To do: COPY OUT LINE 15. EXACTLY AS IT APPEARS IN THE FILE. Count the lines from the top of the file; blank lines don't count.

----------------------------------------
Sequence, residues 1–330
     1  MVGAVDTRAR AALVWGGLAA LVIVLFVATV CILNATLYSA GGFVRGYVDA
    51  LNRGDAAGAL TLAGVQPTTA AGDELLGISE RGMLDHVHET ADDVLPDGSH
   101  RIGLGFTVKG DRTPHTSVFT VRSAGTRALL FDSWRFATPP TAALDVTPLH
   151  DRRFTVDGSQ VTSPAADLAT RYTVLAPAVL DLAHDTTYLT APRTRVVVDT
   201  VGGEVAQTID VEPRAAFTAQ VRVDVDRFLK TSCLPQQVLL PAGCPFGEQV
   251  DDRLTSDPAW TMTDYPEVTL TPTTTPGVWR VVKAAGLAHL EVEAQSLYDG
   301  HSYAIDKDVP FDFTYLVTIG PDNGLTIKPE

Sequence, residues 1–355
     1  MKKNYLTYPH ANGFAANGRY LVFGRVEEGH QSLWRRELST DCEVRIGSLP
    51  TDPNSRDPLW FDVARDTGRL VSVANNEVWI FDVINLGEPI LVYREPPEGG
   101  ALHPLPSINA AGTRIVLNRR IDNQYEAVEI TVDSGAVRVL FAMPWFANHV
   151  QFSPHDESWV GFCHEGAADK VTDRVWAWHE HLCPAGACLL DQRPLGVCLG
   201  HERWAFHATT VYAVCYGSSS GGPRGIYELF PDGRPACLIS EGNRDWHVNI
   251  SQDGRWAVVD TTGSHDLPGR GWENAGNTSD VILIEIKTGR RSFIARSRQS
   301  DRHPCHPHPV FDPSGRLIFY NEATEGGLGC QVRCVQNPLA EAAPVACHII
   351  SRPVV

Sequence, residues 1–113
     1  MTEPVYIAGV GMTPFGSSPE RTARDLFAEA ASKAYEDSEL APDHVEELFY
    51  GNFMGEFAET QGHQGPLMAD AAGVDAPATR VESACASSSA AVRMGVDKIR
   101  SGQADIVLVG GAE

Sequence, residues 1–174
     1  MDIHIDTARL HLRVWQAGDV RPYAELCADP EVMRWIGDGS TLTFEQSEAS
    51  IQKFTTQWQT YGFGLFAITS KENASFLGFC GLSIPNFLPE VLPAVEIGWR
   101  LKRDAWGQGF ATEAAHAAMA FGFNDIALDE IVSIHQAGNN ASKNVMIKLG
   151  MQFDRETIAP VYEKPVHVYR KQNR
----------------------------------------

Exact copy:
   251  SQDGRWAVVD TTGSHDLPGR GWENAGNTSD VILIEIKTGR RSFIARSRQS